Technology and Teaching Standards (The Australian Curriculum)

The Australian Curriculum has been formulated to encompass seven various areas known as general capabilities. The general capabilities assist with the development of knowledge, skills, and behaviours, enabling students to live and work successfully in the 21st century. (Australian Curriculum, Assessment and Reporting Authority [ACARA]), n.d).

These capabilities include literacy, numeracy, information and communication technology (ICT) capability, critical and creative thinking, personal and social capability, ethical understanding and intercultural understanding (ACARA, n.d). There are both benefits and challenges of Learning Management Systems (LMS’s) for learning in schools and incorporating ICT capabilities for student centred learning.

The Digital Education Advisory Group (DEAG) states that there is a change in the nature of work and shift towards technology-rich workplace environments, requiring multidisciplinary teamwork and greater levels of innovation and creativity (Digital Education Advisory Group [DEAG], 2013, p. 20).

To accommodate these changes within the educational landscape, there needs to be a change in the delivery of curriculum content. Coates, James & Baldwin (2005, p. 19) define LMS’s as a course administration tool or pedagogical focus that has the capacity to create virtual or online learning environments for students. These administrative and educational tools provide an online platform that enhances an educator’s ability to develop, assign, and track student learning. These systems are generally internet-based systems such as Blackboard, Moodle, Google Classroom, Desire to Learn and Edmodo.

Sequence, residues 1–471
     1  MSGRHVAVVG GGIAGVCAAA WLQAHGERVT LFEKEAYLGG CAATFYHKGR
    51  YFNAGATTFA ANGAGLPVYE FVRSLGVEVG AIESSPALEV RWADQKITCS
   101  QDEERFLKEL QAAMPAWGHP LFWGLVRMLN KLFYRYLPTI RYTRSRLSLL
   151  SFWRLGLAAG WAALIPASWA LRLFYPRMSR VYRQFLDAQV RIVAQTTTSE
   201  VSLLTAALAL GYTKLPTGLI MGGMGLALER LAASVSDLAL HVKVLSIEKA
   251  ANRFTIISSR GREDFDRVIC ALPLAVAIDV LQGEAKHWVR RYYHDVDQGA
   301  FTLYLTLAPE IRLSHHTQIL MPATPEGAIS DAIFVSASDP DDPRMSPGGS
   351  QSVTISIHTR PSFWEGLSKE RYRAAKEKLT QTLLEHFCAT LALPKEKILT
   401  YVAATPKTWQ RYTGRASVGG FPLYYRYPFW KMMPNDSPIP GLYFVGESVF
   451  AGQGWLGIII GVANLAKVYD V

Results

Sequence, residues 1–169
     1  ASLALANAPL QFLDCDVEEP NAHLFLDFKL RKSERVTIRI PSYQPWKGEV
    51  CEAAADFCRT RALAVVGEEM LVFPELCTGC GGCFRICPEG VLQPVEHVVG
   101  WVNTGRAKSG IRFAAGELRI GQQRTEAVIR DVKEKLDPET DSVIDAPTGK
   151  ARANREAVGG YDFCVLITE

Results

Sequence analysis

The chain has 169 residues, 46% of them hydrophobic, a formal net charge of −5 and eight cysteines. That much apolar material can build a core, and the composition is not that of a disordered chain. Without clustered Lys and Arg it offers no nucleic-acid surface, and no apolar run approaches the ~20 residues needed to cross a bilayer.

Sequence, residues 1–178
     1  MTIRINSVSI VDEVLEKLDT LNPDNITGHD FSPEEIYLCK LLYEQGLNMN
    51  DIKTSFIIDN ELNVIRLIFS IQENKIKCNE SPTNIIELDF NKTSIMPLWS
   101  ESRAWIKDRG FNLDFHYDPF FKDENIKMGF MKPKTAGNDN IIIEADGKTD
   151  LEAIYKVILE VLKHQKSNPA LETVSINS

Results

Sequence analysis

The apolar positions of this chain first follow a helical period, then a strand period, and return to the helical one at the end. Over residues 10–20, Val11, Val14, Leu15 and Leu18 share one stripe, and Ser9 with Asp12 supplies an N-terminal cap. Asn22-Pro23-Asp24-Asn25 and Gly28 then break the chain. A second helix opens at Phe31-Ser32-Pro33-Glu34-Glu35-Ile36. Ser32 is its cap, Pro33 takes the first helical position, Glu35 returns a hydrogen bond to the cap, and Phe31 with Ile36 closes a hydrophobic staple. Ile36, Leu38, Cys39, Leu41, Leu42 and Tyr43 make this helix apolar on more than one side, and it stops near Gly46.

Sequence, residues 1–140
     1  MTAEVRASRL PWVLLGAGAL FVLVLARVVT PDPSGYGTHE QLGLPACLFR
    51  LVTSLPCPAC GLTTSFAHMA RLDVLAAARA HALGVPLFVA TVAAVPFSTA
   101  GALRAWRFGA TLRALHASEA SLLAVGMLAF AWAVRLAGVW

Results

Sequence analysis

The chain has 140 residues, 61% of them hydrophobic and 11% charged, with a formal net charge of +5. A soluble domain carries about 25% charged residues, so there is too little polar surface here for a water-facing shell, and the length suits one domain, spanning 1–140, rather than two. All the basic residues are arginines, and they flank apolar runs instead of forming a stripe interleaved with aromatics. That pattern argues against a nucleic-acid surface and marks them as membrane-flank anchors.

Reference

Australian Curriculum, Assessment and Reporting Authority [ACARA]. (n.d). General capabilities. Retrieved from https://www.australiancurriculum.edu.au/f-10-curriculum/languages/general-capabilities/

Coates, H., James, R. & Baldwin, G. (2005). A Critical Examination of the Effects of Learning Management Systems on University Teaching and Learning. Tertiary Education and Management, 11, 19–36. Retrieved from  http://uait.pbworks.com/w/file/fetch/53312706/A%2520critical%2520examination%2520of%2520the%2520effects%2520of%2520learning%2520management%2520systems.pdf

Digital Education Advisory Group (DEAG). (2013). Beyond the classroom: A new digital education for young Australians in the 21st century. Retrieved from https://docs.education.gov.au/system/files/doc/other/deag_final_report.pdf

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One thought on “Technology and Teaching Standards (The Australian Curriculum)”

  1. This is a good summary of the ‘ideas’ around Learning Management Systems, but I find them hard to ‘visualise’ in practice. So, can you give an example of an LMS, what it would have for inputs, content, workflows/processes & outputs? I guess we are currently getting experiential learning inside one…

    From this student perspective, it ‘feels’ easier because we have prescribed tasks, but as an educator I think it is important to acknowledge that the more traditional and well-defined domains of educational achievement become blurred and recombined by embracing LMS methods. I still don’t know whether I think one needs to ‘impose’ traditional structures onto these new methods, or if this is even possible. How then, do we ‘assess’?

    I like the idea that a class’s progression through a topic becomes like a piece of qualitative research, where ideas can be gathered until nothing new is being presented – saturation – and the ‘body or work’ that represents the totality of what that class can have learned, has been elaborated. I’m just not sure I am qualified to do this aggregation, and how individual students contributions to the whole, can be assessed! It would seem to favour the ‘passive learner’ in the end, who benefits form everyone else’s work, without necessarily contributing their own ideas. Interesting though.

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